I've started getting a lot of e-mails from readers regarding cold weather and suggestions for riding in it.
To those who've e-mailed me, I've pretty much covered this in my replies to you.
what works best for me isn't guaranteed to work that well for you. It depends on how hard you ride, how much heat you build up on your own, and how far you have to ride. Your best bet is to experiment. Here's what I use, though:
- Below 50: A long-sleeve t-shirt under a short-sleeve. Long pants (cargo pants or jeans) over bike shorts. A headband to keep my ears warm and some light gloves
- Below 40: A windbreaker over a t-shirt, long pants over thermal long johns and a balaclava (kind of like a ski mask) with some light gloves
- Below 25: A thin coat over a t-shirt, long pants over long johns, a balaclava and heavier gloves
- Below 10: A thin coat over a sweat shirt over a t-shirt, long pants over flannel pants over long johns, balaclava with ski goggles (keeps the eyes from freezing) and heavy gloves
- Below 0: A thick coat, sweat shirt, t-shirt, long pants, flannel pants, long johns, two ski masks, ski goggles, and mittens. No, really. Mittens. Keeping the fingers together keeps them warmer.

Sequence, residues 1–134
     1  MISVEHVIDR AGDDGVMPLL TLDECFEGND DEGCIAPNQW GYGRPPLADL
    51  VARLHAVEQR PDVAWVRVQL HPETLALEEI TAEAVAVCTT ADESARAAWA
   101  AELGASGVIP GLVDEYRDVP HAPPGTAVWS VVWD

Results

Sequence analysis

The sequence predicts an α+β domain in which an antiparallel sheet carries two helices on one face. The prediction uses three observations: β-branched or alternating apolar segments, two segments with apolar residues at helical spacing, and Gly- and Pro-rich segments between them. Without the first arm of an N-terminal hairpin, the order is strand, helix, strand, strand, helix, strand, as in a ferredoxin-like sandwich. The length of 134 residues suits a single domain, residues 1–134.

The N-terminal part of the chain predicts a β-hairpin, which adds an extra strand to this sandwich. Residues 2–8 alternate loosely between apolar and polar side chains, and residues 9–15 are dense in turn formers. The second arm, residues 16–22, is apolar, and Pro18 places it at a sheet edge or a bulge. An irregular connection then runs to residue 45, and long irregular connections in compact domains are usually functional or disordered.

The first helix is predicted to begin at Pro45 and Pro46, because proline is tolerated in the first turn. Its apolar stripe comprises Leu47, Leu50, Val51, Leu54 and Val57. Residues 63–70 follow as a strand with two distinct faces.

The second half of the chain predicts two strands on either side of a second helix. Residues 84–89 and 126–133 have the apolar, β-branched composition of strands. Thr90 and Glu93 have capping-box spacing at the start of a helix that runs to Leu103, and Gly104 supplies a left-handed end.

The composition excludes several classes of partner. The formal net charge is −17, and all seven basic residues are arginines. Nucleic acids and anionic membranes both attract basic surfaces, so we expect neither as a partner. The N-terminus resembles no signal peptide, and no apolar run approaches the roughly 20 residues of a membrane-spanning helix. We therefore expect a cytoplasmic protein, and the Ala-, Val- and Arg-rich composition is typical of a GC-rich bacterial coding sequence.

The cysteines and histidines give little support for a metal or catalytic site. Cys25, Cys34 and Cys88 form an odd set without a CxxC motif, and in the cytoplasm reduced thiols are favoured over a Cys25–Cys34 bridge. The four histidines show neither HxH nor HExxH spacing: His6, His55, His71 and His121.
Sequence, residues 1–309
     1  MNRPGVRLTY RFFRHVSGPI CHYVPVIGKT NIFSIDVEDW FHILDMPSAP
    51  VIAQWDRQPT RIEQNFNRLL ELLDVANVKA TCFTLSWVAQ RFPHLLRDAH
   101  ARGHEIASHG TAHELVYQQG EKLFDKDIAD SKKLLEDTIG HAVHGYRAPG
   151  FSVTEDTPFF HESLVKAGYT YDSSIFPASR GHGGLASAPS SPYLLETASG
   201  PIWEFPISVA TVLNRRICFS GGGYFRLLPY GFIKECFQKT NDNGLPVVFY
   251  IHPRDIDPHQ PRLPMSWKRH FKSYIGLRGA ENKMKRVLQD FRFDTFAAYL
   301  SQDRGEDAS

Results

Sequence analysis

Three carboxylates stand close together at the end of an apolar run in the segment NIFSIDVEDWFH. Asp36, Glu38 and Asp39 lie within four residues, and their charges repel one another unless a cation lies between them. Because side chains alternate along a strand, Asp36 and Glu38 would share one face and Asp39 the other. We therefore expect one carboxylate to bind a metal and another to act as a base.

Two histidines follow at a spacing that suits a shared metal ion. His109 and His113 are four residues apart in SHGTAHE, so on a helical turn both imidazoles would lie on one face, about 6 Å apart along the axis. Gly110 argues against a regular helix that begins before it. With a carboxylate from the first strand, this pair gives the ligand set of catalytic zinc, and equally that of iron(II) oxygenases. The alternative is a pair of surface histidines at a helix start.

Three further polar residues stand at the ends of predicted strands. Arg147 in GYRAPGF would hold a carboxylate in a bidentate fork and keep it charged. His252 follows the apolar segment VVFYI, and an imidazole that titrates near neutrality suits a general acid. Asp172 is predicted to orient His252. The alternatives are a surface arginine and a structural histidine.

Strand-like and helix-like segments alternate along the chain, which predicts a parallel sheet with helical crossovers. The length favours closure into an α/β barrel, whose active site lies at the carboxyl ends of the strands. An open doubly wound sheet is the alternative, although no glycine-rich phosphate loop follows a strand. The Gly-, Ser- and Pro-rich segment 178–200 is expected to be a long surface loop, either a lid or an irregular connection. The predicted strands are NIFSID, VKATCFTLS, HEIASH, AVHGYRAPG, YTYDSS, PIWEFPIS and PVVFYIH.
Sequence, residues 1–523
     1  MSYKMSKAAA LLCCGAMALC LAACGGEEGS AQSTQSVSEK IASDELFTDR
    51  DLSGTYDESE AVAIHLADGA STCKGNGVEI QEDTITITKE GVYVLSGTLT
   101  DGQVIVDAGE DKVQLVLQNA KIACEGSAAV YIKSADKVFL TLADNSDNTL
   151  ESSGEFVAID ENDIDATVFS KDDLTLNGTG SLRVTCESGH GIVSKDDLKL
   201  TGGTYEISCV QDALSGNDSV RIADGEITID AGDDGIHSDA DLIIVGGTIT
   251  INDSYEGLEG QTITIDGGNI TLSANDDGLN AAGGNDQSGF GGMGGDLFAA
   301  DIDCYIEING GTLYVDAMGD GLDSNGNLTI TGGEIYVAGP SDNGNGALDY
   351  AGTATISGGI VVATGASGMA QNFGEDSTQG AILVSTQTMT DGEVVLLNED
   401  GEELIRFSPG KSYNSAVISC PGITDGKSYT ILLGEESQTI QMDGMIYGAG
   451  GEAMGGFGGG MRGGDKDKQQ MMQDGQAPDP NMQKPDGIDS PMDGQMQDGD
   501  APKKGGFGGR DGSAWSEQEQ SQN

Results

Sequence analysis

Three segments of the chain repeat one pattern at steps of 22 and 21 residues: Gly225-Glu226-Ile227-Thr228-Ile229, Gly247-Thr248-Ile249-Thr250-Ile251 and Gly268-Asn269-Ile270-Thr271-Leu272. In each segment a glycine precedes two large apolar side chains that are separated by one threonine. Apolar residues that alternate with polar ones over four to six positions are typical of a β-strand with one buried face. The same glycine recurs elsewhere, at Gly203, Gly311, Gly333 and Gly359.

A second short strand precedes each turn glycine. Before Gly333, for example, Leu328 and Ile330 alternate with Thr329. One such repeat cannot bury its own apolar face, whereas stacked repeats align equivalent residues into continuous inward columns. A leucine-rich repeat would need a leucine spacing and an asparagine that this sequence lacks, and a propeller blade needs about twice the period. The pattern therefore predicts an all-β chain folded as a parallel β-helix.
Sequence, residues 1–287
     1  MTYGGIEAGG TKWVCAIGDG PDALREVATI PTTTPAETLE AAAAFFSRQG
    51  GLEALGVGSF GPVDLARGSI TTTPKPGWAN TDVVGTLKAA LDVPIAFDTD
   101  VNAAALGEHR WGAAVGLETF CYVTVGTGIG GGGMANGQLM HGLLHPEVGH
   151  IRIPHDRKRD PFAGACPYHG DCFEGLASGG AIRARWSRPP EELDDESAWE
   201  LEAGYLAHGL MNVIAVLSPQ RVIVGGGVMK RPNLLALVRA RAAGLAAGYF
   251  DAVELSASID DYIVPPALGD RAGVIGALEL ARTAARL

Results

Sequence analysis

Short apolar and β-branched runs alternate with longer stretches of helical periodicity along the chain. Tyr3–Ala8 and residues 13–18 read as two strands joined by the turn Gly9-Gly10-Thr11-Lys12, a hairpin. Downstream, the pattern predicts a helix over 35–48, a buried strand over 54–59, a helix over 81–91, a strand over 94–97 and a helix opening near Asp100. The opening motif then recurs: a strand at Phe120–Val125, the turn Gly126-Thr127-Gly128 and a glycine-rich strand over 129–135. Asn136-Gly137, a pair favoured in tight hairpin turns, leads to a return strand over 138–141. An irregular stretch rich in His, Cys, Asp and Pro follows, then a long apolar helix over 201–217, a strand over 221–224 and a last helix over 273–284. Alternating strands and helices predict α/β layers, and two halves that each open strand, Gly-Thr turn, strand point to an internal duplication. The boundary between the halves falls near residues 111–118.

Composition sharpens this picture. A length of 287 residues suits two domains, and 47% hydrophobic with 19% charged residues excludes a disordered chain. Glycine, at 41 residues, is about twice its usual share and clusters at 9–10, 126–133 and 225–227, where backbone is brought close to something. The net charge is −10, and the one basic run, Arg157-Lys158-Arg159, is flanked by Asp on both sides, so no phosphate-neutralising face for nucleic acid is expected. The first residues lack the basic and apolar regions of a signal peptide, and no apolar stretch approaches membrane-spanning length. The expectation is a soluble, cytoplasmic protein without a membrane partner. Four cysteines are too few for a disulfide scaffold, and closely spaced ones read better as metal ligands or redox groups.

Then you've got people like Doug who overheat wearing a balaclava (ski mask) even with a -25°F wind chill.
Experimenting is simple. Just keep a log of the temperature and precipitation, then write down what you wore and how well it worked or how badly it sucked. Use that as a guide for the next time. I didn't log every single condition I've ridden in, but I keep track of especially great clothing combinations and I've found that any setup I use is good for about a 10 degree range.
Dressing in layers is great, especially if you have some spare room in your bags to store the layers if you need to peel them off. Additionally, I usually keep one light layer with me in case the temperature drops or I under-guessed the weather.
Your ideal clothing setup for cold-weather riding will probably feel a little chilly when you first get going. It doesn't take long to warm up, though. Dressing too warm can actually be worse than not dressing warm enough. If you're sweating excessively, you run the very real risk of hypothermia. You might be okay while you keep moving, but if you're soaked through your clothes and need to stop to fix a minor issue with your bike, you won't stay as warm and the moisture will quickly sap heat away from your body faster than you're generating it.
Adding or removing layers isn't the only way to regulate your temperature, though. You can also try putting some more effort into the bike if you start to feel chilly, or slow down a bit if you're getting too hot.